What Does It Mean to ‘Thwart’ a Plan?
The verb thwart is one of the few words in English beginning with the letter cluster thw- and means “to defeat or oppose successfully” or “to run counter to so as to effectively oppose or baffle.”
A lesser-known sense of the verb means “to pass through or across.” And it’s that sense that clues us in to the origin of this odd-sounding word.
In early Middle English, thwert was an adverb meaning “across” or “transversely,” describing something that lay across the length of something else. The verb thwerten came from this adverb.
From there, the verb thwart takes the meaning of “to pass or extend across” or “to cross the path of.” A plan is described as being thwarted when something prevents it from coming to fruition. The verb thwart is largely, but not exclusively, used in the passive voice. Think of thwarting as blocking a road or path, thereby impeding another’s progress.
Nancy Wake made several attempts to reach Spain, but was thwarted each time by arrests that broke up the circuit. On her final attempt she had to leap from a train window and run for it with several companions, dodging bullets before escaping through a vineyard.
— The Telegraph (UK), 8 Aug. 2011
South Sudan has huge stores of minerals and great agricultural capacity, but its potential has been largely thwarted by corruption.
— Jon Lee Anderson, The New Yorker, 23 July 2012
Thwart has also seen use as a noun, referring to the seat or bench that went crosswise on a boat, for the rower to sit, or a strut placed similarly crosswise to provide a brace.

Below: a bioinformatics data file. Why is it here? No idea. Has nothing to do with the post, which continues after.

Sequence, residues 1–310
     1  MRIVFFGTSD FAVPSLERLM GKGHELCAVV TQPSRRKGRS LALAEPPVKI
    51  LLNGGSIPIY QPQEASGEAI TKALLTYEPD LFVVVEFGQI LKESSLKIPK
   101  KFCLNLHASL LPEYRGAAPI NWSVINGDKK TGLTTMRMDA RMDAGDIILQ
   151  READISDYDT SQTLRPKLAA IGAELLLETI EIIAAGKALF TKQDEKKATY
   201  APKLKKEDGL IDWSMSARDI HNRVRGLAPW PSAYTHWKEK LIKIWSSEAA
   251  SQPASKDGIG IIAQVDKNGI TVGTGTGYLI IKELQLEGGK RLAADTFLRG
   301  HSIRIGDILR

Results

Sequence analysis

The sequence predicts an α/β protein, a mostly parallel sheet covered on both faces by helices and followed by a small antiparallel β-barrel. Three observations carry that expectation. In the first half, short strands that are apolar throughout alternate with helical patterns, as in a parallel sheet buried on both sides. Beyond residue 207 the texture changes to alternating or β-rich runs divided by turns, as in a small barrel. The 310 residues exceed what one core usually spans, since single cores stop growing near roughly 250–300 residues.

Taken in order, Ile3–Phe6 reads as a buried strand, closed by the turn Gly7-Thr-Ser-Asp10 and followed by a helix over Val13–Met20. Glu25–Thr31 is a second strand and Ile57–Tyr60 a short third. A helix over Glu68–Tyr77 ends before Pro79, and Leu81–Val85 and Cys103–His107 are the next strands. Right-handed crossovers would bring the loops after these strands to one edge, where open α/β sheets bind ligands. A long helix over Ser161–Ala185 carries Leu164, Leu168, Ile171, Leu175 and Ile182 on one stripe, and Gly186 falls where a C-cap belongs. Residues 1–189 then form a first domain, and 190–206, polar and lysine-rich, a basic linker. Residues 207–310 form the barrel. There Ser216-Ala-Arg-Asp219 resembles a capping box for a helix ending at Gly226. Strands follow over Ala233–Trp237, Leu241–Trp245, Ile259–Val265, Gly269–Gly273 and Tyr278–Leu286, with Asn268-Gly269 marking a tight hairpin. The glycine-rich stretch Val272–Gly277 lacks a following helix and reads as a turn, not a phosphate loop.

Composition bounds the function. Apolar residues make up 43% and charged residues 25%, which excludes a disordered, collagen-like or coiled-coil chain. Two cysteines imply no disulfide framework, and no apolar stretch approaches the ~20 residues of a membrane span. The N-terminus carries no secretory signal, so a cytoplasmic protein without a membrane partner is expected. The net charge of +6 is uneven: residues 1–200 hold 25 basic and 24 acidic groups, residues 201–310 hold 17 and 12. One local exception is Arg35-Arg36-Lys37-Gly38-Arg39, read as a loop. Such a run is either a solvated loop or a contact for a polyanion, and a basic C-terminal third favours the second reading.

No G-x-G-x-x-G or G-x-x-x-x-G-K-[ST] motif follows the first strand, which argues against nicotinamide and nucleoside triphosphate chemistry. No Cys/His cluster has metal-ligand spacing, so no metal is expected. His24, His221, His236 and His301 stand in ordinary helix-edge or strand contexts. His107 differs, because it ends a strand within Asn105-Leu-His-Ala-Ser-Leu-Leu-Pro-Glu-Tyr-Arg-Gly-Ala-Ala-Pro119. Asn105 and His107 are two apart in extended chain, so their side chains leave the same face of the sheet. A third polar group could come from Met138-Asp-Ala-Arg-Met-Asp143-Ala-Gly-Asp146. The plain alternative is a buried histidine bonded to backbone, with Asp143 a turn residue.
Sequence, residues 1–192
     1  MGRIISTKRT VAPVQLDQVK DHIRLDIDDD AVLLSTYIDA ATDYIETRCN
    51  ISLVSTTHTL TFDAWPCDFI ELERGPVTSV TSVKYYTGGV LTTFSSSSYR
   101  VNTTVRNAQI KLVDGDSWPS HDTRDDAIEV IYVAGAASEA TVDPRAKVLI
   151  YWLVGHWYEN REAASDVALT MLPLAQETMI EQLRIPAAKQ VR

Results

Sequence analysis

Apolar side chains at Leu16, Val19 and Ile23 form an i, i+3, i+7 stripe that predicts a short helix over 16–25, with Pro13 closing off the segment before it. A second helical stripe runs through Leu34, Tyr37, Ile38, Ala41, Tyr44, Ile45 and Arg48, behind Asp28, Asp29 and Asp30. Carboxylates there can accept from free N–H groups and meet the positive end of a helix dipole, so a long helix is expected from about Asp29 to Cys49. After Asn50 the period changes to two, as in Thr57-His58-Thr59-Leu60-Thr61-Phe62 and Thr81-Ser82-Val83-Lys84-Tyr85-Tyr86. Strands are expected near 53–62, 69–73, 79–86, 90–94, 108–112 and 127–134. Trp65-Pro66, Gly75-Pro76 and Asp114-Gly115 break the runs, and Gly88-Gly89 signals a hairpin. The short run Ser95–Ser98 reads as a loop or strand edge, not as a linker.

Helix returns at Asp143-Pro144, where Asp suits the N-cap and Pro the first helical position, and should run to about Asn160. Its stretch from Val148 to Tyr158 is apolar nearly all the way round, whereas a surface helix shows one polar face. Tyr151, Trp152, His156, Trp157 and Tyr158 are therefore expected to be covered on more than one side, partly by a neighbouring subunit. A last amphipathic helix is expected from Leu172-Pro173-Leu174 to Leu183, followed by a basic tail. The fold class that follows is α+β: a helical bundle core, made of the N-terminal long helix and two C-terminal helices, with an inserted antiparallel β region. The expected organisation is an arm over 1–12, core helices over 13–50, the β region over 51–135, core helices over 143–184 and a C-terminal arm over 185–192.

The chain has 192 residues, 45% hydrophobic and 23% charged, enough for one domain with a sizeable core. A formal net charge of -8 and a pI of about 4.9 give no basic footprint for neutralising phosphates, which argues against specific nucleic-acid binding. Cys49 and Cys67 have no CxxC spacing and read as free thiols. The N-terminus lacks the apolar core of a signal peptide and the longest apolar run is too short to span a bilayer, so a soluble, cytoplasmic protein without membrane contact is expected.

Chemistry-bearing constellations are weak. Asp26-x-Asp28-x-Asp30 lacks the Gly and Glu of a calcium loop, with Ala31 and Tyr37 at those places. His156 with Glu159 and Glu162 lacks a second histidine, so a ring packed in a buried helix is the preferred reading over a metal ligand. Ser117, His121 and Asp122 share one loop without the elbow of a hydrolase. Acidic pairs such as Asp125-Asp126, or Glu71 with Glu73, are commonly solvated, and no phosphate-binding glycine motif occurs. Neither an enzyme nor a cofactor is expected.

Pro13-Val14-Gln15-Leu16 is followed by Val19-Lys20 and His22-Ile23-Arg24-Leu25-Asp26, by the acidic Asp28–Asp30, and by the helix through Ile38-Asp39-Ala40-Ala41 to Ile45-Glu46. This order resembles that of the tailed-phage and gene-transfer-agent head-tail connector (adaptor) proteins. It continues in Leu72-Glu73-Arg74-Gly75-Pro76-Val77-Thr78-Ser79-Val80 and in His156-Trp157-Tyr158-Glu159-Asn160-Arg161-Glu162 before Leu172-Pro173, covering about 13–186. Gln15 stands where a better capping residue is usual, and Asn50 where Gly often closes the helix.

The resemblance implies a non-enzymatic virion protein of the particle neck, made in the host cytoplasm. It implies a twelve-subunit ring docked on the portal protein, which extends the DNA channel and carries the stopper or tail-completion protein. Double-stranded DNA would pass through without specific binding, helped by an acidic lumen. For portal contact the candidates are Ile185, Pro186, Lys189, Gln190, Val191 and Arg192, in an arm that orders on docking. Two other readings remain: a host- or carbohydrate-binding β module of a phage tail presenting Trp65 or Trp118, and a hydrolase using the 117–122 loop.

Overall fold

He hitched the loose end of the rope round the forward thwart of the boat, and, swinging himself up the ladder, stood the next moment on the deck. "Anything very dreadful on board?" he inquired sarcastically, as he and his friend met.
— Wilkie Collins, Armadale, 1866
Related to thwart is athwart, which can be used an adverb, as it originally appeared, or as a preposition meaning “lying across.” It can also be used in contexts that transcend the physical.
Armenia and Azerbaijan are small countries important for many of the same reasons as other Middle Eastern states: for the natural resources they contain or the transport routes they lie athwart, and for their position between Europe and Asia.
— William Ward Maggs, Current History, January 1993
They lay one to three eggs and may incubate them for a while, but they leave the nest soon thereafter, relegating to males the primary task of incubation, a long seventy to eighty-four days. Males sit athwart the egg, body at a slight angle and bill stretched out along the ground.
— Stephen Jay Gould, Natural History, November 1986
How about facing up to the fact that what stands athwart man's chances for a better life is not technology, machines and the military-industrial complex-it is man himself who stands there. It is you. Get the facts and forgo the rhetoric. Stop confusing bloviation with the truth. And, remember, the building you burn will be your own.
— K. Ross Toole, The New York Times, 23 Sept. 1970
Mr. Stella certainly drives athwart the traffic of most contemporary art. His proposal for the future of painting—a triumphal return to illusionist roundness and projection, but with subject matter fastidiously combed out—is as quixotic as it is self-serving.
— Peter Schjeldahl, The New York Times Book Review, 9 Nov. 1986
The English perceive Brigid Brophy as a maverick. They do not know where to have her. She writes athwart our traditions of understatement and mild social comment.
— A.S. Byatt, The Times Literary Supplement, 13 Mar. 1987
Something positioned athwartships runs from one side of the vessel to the other, while something amidships runs toward the midway point between the bow and the stern.
Amidships a two-seat, granite-topped bar runs athwartships between the galley and a four-seat dinette.
— Lenny Rudlow, Boating, February 1998
And now, we will move aside and no longer thwart your plans for productivity today.